By Laurie Coker
Other than a paycheck, I can’t imagine why stars like Charlize Theron, Giovanni Ribisi, Sarah Silverman and Liam Neeson would sign on to do a film like A Million Ways to Die in the West, written, directed and starred in by Seth Macfarlane. Granted, I am nowhere near the target audience, but then I do enjoy a worthwhile western, good quality gags and clever comedy, so why not? Why can’t someone with Macfarlane’s comic ability create something like that? Instead, we see impressive talent wasted, trashy, tasteless antics and a predictable, uninteresting plotline.
Macfarlane plays Albert, the nerd of the west, a sheep farmer who nearly bores his girl friend, Louis (Amanda Seyfried) to death. He does manage to lull her into breaking up with him and a scene later she shows up hooked up with Foy (Neil Patrick Harris), the local mustache-ier. Meanwhile, sinister, sleazy outlaw, Clinch’s (Neeson) beautiful wife, Ann (Theron), turns Albert’s head, taking him from whiny yellow-belly to confident gentleman. Additionally, Albert’s buddy Edward (Ribisi) is patiently wooing a industrious prostitute (Silverman), working hard so they can marry. They’re Christians, so they’re waiting to have sex.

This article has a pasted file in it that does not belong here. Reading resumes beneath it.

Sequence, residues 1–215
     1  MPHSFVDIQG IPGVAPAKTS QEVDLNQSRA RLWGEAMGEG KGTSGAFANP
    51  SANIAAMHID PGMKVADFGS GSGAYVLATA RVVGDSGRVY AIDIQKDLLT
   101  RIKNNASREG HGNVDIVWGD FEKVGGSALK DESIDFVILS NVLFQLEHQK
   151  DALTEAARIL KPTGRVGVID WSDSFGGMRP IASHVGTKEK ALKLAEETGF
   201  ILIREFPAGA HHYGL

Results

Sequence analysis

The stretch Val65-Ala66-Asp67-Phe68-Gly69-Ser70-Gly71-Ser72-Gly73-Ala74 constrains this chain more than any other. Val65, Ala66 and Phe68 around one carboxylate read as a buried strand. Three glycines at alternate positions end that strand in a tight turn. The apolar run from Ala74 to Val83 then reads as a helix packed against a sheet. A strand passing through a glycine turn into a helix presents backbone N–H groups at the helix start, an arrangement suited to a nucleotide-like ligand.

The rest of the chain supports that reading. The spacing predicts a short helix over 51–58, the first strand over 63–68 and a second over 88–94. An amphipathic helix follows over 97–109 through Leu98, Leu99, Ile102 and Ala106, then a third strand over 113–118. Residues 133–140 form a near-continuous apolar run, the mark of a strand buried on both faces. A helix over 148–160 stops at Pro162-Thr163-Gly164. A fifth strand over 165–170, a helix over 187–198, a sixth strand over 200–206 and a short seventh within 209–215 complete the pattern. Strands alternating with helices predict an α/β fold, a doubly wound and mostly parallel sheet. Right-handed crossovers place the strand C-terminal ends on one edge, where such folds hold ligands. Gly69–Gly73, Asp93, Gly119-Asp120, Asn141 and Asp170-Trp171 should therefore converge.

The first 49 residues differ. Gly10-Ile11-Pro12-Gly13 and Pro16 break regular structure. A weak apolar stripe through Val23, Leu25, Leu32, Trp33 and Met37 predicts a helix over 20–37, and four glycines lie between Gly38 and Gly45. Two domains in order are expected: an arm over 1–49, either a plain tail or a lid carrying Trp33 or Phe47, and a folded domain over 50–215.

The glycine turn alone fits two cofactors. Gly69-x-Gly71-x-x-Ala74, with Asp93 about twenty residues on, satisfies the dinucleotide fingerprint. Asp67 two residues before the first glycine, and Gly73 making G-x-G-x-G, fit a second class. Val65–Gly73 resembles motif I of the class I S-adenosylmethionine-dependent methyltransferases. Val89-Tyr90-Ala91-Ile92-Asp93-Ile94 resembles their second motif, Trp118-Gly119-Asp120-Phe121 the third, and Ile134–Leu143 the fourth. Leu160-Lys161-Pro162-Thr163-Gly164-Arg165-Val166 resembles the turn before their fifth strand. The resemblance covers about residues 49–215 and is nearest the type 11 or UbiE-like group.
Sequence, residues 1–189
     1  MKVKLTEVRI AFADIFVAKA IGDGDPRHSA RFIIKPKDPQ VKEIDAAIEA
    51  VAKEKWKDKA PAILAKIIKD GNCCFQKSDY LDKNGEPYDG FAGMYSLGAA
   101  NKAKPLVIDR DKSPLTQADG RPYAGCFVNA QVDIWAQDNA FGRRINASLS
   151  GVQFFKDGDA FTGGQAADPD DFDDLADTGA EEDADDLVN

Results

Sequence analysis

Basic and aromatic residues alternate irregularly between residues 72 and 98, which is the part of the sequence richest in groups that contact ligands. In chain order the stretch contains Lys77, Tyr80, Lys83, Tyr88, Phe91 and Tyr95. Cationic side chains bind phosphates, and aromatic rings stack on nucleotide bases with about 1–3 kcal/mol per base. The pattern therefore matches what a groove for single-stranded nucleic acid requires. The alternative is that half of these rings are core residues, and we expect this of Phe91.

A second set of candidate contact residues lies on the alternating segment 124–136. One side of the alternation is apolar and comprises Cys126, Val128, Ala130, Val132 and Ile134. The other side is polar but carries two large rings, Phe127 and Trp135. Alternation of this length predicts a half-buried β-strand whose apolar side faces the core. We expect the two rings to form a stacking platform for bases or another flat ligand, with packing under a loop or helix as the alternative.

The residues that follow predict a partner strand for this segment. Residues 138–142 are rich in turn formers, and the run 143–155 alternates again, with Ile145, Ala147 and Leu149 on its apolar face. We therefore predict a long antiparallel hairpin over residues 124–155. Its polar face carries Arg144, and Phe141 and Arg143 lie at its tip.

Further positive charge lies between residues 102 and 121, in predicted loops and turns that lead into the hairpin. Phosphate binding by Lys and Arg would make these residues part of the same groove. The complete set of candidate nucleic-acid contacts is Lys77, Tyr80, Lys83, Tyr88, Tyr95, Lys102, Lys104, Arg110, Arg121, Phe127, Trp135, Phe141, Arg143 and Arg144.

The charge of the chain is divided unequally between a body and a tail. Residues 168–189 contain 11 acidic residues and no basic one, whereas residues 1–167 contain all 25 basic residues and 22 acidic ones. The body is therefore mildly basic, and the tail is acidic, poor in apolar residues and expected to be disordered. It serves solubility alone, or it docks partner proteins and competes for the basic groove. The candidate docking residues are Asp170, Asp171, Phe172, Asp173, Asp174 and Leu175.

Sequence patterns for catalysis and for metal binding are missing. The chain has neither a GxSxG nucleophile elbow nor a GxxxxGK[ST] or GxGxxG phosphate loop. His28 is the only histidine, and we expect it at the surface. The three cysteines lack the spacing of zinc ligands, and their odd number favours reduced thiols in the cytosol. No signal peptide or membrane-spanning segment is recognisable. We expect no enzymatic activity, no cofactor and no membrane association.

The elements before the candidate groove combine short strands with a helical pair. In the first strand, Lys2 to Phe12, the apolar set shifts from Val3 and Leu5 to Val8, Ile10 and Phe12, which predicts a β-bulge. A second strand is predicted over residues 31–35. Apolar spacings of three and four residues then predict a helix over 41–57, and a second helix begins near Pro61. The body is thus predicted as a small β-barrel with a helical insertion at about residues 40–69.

Macfarlane pulled off quality humor with, Ted, and stays, semi-successful at reigning in his farty, frequently repellent and ridiculous humor, for his television shows. With such an impressive cast, Macfarlane should have it made and they do work the heck out of this lackluster script, showing true frontier spirit and grit, but I found NOTHING, and I mean N-O-T-H-I-N-G funny about anything, at all, in the whole affair. Silverman and Ribisi offer a few light moments, and the performances, as always, with these actors, are exceptional, but McFarlane’s script is downright dumb, totally terrible, absolutely asinine and dull as a hitching post outside a church when the red light shines at the whorehouse.
While it is easy to see what Macfarlane tries to do with his tale – it is true there are a million ways to die in the west – he leaves out one clear and painful way to meet one’s maker – monotony and boredom! I haven’t wanted to leave a film so badly since the last Focker’s film and that too earned an F from me. I pity the people who pay hard-earned, high-dollar prices for this low-brow, uninspiring and UNFUNNY film. Even Macfarlane looks bored most of the time.